• Some authors and publishers are circulating an online petition "Stop the BookSurge Monopoly," that has 600+ signatures. Personally I haven’t signed it, because the originator is anonymous. But some of you may want to.

  • Some authors and independent publishers are removing links to Amazon from their websites and sending customers to instead.

  • Some are trying to work through the professional organizations PMA (The Independent Book Publishers Association) and SPAN (The Small Publishers Association of North America) in hopes they will join together, question Amazon on behalf of their members, and advocate for their members’ interests.

  • • Some are contacting Amazon officers and directors to express their displeasure and to let the directors know they will no longer buy from Amazon.

I’m still in the watch-and-wait camp right now. And maybe I should sell my Amazon stock?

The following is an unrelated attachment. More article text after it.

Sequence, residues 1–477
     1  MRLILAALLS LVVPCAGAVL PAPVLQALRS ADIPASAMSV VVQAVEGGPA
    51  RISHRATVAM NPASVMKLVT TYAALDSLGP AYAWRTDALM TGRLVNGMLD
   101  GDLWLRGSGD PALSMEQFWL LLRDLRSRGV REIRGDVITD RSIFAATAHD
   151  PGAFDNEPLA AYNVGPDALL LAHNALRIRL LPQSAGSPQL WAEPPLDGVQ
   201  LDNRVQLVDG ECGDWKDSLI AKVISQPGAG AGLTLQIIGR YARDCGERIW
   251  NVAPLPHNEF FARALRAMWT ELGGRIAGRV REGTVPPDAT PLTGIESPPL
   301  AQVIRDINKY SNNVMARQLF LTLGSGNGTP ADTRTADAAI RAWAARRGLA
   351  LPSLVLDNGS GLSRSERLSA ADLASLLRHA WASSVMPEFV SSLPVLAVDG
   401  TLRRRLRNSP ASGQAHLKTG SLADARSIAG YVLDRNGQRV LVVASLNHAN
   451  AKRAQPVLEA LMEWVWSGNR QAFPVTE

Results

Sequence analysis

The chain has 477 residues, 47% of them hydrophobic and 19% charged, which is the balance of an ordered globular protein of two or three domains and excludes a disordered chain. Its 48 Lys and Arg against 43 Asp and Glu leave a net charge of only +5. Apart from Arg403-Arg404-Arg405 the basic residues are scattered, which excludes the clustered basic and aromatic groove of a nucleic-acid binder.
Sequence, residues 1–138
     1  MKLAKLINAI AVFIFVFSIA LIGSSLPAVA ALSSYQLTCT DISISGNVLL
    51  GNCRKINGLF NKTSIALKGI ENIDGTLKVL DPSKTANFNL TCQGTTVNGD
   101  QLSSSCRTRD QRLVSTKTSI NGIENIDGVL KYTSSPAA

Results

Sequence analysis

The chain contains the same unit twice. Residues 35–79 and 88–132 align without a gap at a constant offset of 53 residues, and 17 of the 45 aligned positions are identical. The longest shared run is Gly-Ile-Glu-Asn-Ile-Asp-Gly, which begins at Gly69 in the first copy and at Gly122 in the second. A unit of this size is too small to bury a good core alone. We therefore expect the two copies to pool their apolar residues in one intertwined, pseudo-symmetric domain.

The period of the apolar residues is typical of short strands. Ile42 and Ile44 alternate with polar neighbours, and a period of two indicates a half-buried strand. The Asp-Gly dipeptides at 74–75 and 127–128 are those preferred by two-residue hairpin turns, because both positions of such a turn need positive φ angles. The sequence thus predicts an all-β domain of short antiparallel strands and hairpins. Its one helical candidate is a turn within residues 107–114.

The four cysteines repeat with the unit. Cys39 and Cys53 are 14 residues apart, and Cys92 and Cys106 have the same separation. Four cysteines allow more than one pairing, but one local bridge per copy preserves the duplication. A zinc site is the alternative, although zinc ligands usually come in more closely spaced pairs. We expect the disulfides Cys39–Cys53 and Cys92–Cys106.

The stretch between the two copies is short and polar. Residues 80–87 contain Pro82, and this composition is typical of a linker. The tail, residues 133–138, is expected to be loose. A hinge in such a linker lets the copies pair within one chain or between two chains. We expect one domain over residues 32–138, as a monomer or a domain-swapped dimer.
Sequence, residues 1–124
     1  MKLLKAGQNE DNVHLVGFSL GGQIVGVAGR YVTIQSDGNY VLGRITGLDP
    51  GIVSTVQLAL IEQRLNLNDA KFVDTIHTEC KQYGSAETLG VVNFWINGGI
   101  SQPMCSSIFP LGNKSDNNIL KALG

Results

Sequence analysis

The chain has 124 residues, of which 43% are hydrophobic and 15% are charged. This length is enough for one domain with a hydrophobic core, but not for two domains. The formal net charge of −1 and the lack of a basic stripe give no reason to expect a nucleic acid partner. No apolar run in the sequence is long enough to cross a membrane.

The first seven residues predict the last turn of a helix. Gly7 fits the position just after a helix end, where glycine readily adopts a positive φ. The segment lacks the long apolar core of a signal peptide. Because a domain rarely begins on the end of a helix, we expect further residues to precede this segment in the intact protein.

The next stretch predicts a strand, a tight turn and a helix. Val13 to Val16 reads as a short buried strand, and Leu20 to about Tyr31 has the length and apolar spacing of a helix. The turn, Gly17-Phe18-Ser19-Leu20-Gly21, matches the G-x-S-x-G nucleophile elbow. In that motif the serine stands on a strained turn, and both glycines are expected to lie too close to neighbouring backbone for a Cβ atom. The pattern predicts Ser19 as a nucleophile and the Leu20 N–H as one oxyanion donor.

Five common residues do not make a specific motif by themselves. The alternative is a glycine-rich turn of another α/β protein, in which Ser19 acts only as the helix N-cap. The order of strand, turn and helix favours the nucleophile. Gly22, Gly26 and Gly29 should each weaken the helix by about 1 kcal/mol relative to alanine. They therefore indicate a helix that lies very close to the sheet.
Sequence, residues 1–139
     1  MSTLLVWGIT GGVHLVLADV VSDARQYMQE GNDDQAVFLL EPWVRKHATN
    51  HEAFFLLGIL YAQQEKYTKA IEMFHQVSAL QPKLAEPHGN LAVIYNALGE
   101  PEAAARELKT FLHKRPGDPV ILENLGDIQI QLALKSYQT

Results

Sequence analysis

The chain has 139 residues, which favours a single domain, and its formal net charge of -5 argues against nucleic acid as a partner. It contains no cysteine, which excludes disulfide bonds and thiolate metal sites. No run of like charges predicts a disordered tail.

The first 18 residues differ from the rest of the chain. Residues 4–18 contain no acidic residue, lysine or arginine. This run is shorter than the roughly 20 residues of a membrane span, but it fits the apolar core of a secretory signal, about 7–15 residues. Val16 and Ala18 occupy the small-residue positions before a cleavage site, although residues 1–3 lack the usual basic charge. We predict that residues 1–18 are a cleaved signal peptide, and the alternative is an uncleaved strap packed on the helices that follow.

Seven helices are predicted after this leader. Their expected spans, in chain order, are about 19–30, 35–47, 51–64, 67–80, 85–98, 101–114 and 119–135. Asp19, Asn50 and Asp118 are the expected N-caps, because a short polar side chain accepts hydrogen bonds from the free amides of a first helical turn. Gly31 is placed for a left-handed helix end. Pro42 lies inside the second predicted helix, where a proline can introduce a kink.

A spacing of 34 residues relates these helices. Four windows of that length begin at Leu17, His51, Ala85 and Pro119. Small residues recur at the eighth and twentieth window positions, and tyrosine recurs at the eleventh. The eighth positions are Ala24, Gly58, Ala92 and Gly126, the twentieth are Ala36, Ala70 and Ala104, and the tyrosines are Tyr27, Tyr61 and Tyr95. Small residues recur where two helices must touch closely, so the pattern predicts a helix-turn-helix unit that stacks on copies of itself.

1. Inanna,You and I usually agree on almost everything, however one point in your post is not completely accurate."There is no other way to get into Ingram except to print books with Lightning Source, if you’re too small a publisher to meet Ingram’s criteria on your own."I am a small publisher with 3 books, all traditionally (not POD) printed that are carried by Ingram. Granted, it was not easy. However, I belong to PMA (Publishers Marketing Association) that put together a program with Ingram whereby small publishers who would not otherwise qualify could submit their titles to a juried panel of reps from PMA, BN, Borders, Ingram, etc. If the panel believed the books had potential, the publisher was offered a special deal by Ingram. I'm thankful my DAFFODILS books were accepted. So it IS possible for some small publishers to be carried by Ingram.I agree that Amazon is not "evil" and I did not interpret Lynn's comments to say or imply that (after all, she's a stockholder!) However, I don't view staying with Lightning and sending them 5 copies as an onerous requirement. I've been very pleased with Amazon's Advantage program, more so than dealing with B&T as a non-POD publisher.Publishing is clearly in turmoil. The genre associations have contributed as well as technology--Kindle, POD, etc.-- not to mention the large publishers with the new no advance, no return policy.Frankly I'd love a no return policy, but it would keep new authors out of the market. Bookstores, especially Independents, can't afford to take a risk on a title they may be stuck with.Technology may take care of all of this, but in the interim, I am disturbed by the anticompetitive flavor of all of these new developments. I believe this whole issue (including cons and Amazon) is something the FTC and Justice should examine.